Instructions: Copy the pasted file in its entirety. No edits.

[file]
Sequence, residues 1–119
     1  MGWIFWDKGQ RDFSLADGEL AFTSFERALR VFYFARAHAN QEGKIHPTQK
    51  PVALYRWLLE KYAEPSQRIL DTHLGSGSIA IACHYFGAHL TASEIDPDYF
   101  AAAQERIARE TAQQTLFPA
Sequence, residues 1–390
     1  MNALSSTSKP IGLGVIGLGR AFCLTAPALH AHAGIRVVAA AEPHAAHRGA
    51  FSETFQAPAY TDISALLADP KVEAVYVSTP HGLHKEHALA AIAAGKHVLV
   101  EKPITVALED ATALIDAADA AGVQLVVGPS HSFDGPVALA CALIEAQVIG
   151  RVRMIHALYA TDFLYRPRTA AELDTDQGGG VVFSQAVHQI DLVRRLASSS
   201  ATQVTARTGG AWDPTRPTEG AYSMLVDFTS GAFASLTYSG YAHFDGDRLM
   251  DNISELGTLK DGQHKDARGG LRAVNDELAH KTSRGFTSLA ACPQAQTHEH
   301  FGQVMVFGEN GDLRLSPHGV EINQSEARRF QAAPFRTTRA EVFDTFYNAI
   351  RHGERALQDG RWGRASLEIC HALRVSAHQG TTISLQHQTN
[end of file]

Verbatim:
Sequence, residues 1–119
     1  MGWIFWDKGQ RDFSLADGEL AFTSFERALR VFYFARAHAN QEGKIHPTQK
    51  PVALYRWLLE KYAEPSQRIL DTHLGSGSIA IACHYFGAHL TASEIDPDYF
   101  AAAQERIARE TAQQTLFPA
Sequence, residues 1–390
     1  MNALSSTSKP IGLGVIGLGR AFCLTAPALH AHAGIRVVAA AEPHAAHRGA
    51  FSETFQAPAY TDISALLADP KVEAVYVSTP HGLHKEHALA AIAAGKHVLV
   101  EKPITVALED ATALIDAADA AGVQLVVGPS HSFDGPVALA CALIEAQVIG
   151  RVRMIHALYA TDFLYRPRTA AELDTDQGGG VVFSQAVHQI DLVRRLASSS
   201  ATQVTARTGG AWDPTRPTEG AYSMLVDFTS GAFASLTYSG YAHFDGDRLM
   251  DNISELGTLK DGQHKDARGG LRAVNDELAH KTSRGFTSLA ACPQAQTHEH
   301  FGQVMVFGEN GDLRLSPHGV EINQSEARRF QAAPFRTTRA EVFDTFYNAI
   351  RHGERALQDG RWGRASLEIC HALRVSAHQG TTISLQHQTN